The thing about Taiwan is that every time you go back, something is different. The landscape is constantly changing. Something closes and something else opens. New fads ruthlessly push out old ones so that what once could be found all across the city dwindles to just a handful of shops.
So I really shouldn't have been surprised when I arrived in Danshui to discover that the big department store had closed down. In its place is a multi-story shopping center with an entire floor dedicated to restaurants.
Since my second uncle, aunt, and two cousins from Tainan were visiting Taipei, my mother's side of the family had a semi-reunion (missing quite a few people) dinner at one such restaurant in the new building. My first uncle recommended Saboten Tonkatsu:
Even though I was going to be in Japan - the land of tonkatsu - in just a week, I didn't mind. I could never get tired of deep fried pork.
Soon after our orders were taken, we were brought two gigantic piles of shredded cabbage, one for each end of the table:
The dressing for this "salad" was very light and came in these nifty screw cap containers:
My father loved the container so much that when he realized the brand was Japanese, he asked me to find it and bring him back half a dozen. Uh...what?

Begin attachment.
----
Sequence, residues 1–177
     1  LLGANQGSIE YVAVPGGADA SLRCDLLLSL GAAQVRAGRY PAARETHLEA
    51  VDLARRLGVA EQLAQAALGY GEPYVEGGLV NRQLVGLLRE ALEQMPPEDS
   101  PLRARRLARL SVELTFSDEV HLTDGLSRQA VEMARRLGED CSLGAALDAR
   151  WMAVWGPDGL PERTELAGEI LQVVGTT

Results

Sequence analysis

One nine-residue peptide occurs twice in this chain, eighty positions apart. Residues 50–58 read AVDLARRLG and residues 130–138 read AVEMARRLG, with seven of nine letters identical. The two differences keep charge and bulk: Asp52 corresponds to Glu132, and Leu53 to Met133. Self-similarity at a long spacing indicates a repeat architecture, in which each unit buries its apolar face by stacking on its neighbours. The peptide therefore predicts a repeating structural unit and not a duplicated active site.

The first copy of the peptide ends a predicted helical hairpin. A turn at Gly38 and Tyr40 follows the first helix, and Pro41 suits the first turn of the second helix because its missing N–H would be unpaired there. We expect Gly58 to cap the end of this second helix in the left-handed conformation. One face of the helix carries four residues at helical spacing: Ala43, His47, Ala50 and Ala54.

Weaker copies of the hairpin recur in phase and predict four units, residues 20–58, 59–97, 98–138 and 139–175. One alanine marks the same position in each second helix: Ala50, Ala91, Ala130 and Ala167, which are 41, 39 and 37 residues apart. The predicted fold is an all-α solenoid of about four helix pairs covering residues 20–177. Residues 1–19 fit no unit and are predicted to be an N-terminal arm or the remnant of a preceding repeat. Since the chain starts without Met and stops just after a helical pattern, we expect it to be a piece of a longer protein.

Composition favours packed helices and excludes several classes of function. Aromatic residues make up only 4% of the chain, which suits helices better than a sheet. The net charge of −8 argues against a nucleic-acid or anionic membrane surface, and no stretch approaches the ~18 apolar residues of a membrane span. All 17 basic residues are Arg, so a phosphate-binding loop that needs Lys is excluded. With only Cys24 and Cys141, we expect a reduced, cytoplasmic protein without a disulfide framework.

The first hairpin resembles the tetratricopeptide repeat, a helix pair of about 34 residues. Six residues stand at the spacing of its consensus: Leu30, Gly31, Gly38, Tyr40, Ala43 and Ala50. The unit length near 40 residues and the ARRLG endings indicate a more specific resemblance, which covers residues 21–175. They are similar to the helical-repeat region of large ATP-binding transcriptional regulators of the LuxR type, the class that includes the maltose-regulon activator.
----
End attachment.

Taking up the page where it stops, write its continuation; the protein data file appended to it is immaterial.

My parents really enjoyed the cabbage salad. Later that night, I opened the browser on my father's iPad to find Amazon.com searches for cabbage shredders. Sigh.
Our meal came with a DIY component:
It took a bit of physical exertion, but I eventually satisfactorily ground the sesame seeds and added in the tonkatsu sauce:
I won't go into what everyone at the table ordered, but here's what my sister did:
She got the loin katsuni set (320 NT or around $11). The tonkatsu came stewed in a soy based sauce with eggs.
I, on the other hand, went with the loin katsu set (300 NT or around $10):
Both our sets came with pickled veggies and black beans (which you can see above the tonkatsu) and a bowl of rice:
As well as a bowl of miso soup:
The tonkatsu was freshly fried and incredibly juicy. No soggy stuff at Saboten. Not the cheapest meal you can find in Taiwan, but reasonably priced for the quality and the quantity.
It was so reasonably priced that I felt completely comfortable snagging the bill away from my uncle. That's right. I'm now a working woman and I can finally treat my Taiwanese relatives to a meal
My mom's favorite thing that night was probably the black beans. She basically bullied all of us to give her ours. And then she asked for a refill.
Now you know where I get it from.